See also in *The book of science:*

Readings on wikipedia:

]]>In 1499, Johannes Trithemius showed several ways that a secret message could be hidden in an unrelated document.

Johannes Trithemius claimed that Jerome said that many mysteries, intended for only the most learned philosophers and poets, lay hidden in the original Greek of the Apocalypse of John. In hisSteganographiaJohannes Trithemius wove a hundred forms of secret writing into a three-volume treatise about how to use angels to communicate over long distances.

*More
poems* . . .

Steganography is a form of cryptography that can be combined with ciphers, codes, and encryption. These terms are often used loosely; however, it can be useful to give them distinct meanings. Steganography is a means of hiding a message; a cipher is a one-to-one alphabetic substution; a code is a one-to-many substitution such as binary or Morse code; encryption uses a mathematical scheme to disguise any digital message.

See also in *The book of science:*

- 118 BCE - 1953—
*Cipher*—Polybius, Julius Caesar, Giovan Battista Bellaso, Antoine and Bonaventure Rossignol, Charles Wheatstone, Frank Miller, Felix Delastelle, Fritz Nebel, Lester S. Hill, John F. Byrne - 1605—
*Bacon’s cipher*—Francis Bacon - 1976-1991—
*Public-key cryptography*—Whitfield Diffie, Martin Hellman, Ralph Merkle, Phil Zimmermann

Readings in wikipedia:

]]>In 1485, Leonardo da Vinci designed the first workable parachute.

An unnamed contemporary of Leonardo da Vinci depicted a conical parachute in the 1470s, but let’s say the parachute started with da Vinci because his twelve-yard pyramidal design was more well proportioned to carry the weight of a man, because the first person to test the idea, Fausto Veranzi, studied da Vinci, and because da Vinci’s design was recently proven to work.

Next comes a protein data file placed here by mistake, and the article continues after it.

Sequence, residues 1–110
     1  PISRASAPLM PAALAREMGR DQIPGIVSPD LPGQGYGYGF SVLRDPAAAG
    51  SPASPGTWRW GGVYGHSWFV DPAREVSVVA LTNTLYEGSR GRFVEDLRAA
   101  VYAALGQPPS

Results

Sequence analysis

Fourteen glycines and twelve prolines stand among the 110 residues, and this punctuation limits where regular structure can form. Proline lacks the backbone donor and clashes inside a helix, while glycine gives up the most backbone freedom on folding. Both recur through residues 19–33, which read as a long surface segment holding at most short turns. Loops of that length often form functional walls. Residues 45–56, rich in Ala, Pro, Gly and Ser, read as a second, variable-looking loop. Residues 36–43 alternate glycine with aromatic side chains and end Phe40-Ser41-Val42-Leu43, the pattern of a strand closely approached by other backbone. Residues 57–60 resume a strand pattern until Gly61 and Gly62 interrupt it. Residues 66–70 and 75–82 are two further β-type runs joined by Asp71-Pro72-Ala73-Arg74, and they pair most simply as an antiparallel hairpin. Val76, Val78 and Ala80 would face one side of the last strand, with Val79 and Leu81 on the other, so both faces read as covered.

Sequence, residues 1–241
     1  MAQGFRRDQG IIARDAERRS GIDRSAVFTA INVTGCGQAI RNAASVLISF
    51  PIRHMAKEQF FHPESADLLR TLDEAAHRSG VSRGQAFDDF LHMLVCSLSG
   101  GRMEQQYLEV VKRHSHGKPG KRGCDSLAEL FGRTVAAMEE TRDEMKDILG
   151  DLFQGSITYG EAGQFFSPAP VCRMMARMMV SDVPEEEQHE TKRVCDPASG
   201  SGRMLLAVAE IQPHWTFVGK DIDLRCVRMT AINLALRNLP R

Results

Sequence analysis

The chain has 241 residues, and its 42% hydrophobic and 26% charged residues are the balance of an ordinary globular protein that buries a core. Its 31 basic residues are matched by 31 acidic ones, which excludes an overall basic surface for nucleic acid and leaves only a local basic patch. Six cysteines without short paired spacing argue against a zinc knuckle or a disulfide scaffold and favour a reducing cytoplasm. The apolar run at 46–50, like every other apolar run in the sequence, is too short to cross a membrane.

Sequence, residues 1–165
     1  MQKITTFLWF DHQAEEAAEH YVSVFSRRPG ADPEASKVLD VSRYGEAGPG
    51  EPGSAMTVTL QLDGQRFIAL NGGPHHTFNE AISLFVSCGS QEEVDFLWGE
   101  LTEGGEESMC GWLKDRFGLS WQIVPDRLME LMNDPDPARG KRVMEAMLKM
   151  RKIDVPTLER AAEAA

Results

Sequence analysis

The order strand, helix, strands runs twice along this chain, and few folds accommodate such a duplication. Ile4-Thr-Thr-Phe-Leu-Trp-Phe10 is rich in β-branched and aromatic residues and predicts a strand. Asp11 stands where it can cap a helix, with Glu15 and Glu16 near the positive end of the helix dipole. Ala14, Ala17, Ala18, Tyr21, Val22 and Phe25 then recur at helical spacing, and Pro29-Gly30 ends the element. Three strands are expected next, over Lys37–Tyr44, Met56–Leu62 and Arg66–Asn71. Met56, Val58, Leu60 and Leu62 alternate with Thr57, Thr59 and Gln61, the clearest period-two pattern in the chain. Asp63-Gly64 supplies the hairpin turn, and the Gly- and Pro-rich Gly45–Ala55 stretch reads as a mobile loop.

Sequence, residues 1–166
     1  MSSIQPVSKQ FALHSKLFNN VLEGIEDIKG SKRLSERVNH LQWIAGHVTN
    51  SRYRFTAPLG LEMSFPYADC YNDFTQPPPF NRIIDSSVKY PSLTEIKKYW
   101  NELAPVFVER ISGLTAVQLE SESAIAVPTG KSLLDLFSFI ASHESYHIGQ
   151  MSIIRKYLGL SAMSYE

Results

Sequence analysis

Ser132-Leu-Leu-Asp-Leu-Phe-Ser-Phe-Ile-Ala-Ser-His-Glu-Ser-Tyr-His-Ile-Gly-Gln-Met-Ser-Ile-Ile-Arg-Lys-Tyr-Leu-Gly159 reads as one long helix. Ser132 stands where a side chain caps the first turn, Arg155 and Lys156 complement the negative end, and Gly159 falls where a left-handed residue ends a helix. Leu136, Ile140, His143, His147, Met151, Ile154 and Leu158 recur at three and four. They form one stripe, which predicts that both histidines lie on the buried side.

*More
poems* . . .

Skydivers put themselves in a life-or-death situation and only by careful preparation do they avoid killing themselves. They do it not only because diving is exhilarating, but also because it is the closest humans get to a feeling of human-powered flight.

Thinking about free fall led Einstein to his general theory of relativity. A man in free fall would feel no force of gravity, and, given no force, would fall at a constant speed; however, on the contrary gravity causes him to accelerate.

See also in *The book of science:*

- 5th century BCE—
*Kite*—Mozi, Lu Ban - 1672,1742,1852—
*Magnus effect*—Isaac Newton, Benjamin Robins, Heinrich Gustav Magnus - 1699—
*Tribology*—Leonardo da Vinci, Guillaume Amontons - 1738—
*Bernoulli’s principle*—Daniel Bernoulli - 1903—
*Airplane*—Wilbur Wright, Orville Wright

Readings on wikipedia:

]]>In 1450, Nicolaus de Cusa described a simple hygrometer to measure humidity.

Nicolas de Cusa observedIf someone should hang a good deal of wool, tied together on one end of a large pair of scales, and should balance it with stones at the other end in a place where the air is temperate, it would be found that the weight of the wool would increase when the air became more humid, and decrease when the air tended to dryness.Leonardo da Vinci might have been the first to build one, in which the bundle of wool, absorbing more water when the air was more humid, gradually tipped the scale.